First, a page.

Vegas, Baby! Vegas!
Oh look, another Tom Clancy sequel! How delightfully unpredictable! The never-ending franchise “Rainbow Six” is back with a second installment in the Vegas storyline. The plot plays out like any other Clancy Mad Lib. “______ (pick a nationality) terrorists have invaded U.S. Soil and are taking over ______(city). They have taken ______ (number) hostages that are being kept in a ______(some sort of warehouse — be creative) storage facility. Intel suggests the terrorists have ______(weapons of mass destruction) positioned towards ______(national monument) and will detonate in ______(number) hours.”
If you resisted the temptation to fill in the blanks with names of body parts, you hopefully understand how cookie cutter-like “Rainbow Six” games have become. But I haven’t been playing “Rainbow Six” since the days of Nintendo 64 for the fresh, edgy storytelling. In spite of repetitive story arcs, these squad-based shooters are usually pretty fun, so that keeps fans coming back.
“Vegas 2” does what all Rainbow titles do best –it offers great weapons and requires a tactical approach to room clearing. These are not run and gun first person shooters, as with each new game the enemy A.I. is stepped up quite a bit. You’ll want to take your time with each building, making sure to secure each room so you don’t have an enemy follow you out the door. Though the game can be played with the computer controlling members of your squad, the difficulty really calls for the help of a buddy. You can either split screen with a partner, or enlist the help of three others online to tackle the campaign. This is where the game shines, as you can really function as a team. My buddy fancies himself a pretty decent sniper, so he’ll take to the roof and pick enemies off. I’ll be down below calling out shots for my sniper and getting in close quarters with my trusty shotgun. Developing a strategy like this works great with a new ranking up system that allows each player to round out their marksmanship within the campaign. This overhauled tool offers points for a variety of skills ranging from headshots to killing an enemy while he’s sliding down a rope, to multiple kills with one explosive. Fun stuff.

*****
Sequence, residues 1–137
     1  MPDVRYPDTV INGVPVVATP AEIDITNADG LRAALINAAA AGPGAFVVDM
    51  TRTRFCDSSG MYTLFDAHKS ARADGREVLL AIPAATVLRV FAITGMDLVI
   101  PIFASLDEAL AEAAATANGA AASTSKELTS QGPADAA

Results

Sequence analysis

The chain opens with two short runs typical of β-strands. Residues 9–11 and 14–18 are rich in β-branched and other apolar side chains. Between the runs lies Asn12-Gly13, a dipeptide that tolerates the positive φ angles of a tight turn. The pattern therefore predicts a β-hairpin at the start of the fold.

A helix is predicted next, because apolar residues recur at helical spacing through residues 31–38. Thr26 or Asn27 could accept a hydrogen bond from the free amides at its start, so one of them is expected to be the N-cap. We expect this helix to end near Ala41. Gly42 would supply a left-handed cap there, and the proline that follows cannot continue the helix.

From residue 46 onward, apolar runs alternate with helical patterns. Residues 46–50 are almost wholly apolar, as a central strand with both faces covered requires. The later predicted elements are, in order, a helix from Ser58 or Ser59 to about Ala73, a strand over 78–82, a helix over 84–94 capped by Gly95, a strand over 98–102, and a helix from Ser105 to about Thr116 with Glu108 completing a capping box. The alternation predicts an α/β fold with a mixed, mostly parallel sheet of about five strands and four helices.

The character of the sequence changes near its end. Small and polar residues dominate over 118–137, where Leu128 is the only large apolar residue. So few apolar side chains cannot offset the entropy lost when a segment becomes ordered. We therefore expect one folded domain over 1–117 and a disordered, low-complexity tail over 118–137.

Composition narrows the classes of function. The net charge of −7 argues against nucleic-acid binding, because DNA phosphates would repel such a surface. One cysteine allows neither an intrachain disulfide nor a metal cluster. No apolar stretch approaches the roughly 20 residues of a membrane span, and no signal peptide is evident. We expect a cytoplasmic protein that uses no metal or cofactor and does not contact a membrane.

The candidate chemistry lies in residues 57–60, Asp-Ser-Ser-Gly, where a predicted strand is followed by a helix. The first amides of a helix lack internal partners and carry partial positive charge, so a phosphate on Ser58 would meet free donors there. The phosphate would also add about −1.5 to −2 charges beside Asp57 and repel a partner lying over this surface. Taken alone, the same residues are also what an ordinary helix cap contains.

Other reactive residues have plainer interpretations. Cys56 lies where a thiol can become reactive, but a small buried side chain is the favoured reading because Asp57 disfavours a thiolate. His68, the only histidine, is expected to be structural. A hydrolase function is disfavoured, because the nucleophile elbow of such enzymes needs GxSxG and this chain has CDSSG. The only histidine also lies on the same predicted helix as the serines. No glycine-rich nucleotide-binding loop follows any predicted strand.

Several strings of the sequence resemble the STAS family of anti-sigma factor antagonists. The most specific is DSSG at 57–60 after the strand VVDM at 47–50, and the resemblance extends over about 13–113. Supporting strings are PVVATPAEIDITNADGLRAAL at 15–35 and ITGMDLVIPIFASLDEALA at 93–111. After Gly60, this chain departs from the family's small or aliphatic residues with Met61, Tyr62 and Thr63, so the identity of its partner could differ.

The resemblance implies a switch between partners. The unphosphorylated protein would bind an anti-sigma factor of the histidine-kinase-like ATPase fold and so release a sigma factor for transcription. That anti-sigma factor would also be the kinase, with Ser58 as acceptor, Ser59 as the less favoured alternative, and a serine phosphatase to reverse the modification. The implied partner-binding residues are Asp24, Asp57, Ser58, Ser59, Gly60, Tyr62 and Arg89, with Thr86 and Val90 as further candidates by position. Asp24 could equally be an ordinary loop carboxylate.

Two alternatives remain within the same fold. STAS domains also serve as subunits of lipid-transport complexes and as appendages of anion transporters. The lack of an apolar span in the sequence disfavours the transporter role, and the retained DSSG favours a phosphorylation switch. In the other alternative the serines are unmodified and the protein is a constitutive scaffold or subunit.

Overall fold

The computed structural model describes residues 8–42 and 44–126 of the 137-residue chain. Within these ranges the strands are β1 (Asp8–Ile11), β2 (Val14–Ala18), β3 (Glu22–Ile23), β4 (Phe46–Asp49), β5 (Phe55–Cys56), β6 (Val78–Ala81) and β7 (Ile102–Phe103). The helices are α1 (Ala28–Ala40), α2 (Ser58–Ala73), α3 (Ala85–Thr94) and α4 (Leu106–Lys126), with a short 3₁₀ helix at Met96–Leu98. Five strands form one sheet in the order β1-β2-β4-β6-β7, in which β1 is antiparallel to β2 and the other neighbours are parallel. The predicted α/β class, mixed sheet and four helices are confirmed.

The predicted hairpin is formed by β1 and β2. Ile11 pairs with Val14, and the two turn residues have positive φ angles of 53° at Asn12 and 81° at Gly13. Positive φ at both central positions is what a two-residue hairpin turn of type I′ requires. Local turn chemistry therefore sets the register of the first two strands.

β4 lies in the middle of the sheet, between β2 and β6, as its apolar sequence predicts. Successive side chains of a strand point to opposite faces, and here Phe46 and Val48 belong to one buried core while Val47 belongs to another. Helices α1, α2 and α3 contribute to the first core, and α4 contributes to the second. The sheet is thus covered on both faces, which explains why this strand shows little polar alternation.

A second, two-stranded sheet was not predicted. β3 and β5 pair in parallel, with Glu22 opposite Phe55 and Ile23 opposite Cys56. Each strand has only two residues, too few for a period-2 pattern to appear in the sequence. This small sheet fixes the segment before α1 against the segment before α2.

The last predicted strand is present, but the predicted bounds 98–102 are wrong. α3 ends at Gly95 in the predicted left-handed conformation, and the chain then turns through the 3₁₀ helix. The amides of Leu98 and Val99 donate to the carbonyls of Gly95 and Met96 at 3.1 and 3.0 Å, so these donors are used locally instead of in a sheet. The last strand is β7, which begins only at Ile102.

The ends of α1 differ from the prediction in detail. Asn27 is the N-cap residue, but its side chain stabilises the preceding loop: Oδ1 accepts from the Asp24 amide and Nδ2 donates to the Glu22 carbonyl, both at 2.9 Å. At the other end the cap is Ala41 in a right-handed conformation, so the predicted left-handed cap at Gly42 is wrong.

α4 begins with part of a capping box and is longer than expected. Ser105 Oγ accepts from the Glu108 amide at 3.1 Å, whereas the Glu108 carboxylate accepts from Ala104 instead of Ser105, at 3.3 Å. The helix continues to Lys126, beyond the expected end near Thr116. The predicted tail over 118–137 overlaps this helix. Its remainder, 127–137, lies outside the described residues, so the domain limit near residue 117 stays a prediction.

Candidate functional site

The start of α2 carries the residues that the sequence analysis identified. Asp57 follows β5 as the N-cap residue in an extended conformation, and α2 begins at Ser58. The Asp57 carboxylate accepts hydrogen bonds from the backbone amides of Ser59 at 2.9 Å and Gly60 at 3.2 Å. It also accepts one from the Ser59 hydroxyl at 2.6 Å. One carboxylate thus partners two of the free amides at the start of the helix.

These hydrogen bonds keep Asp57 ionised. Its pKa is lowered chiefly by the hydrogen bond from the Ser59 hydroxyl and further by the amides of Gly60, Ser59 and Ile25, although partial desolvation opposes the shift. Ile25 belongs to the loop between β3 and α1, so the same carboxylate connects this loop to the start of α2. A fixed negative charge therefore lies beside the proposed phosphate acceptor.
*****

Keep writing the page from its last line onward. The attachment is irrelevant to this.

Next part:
Most often a room will have two to three entry points, allowing you to assess what lies in behind each door. You can deploy a “snake cam” that slides under the door and allows you to mark enemies according to their threat level. Again this is a blast for co-opers as you can call out your shots before swinging both doors open and surprise the terrorists with a flash bang or smoke grenade.
XBox360 players can also use the Xbox Live Vision Camera to take a self-portrait and have it morphed onto your character’s body. This may take a couple of tries to get the lighting right, but once you do — it’s a pretty accurate rendering. Nothing quite like dispensing enemies with a creepy smile on your face.
While “Rainbow Six Vegas 2” doesn’t really offer any new game play, it is a fun game to play cooperatively. There has been a sprint feature added, but considering this has become a standard in shooters, I would hardly call that groundbreaking. The game looks good, though at times the coloring of the environments has a cartoon-like quality. Unless you’re a diehard fan of the “Rainbow” series, the lack of innovation makes this title just another average FPS, and makes for a nice rental.
Contact Matt at firstname.lastname@example.org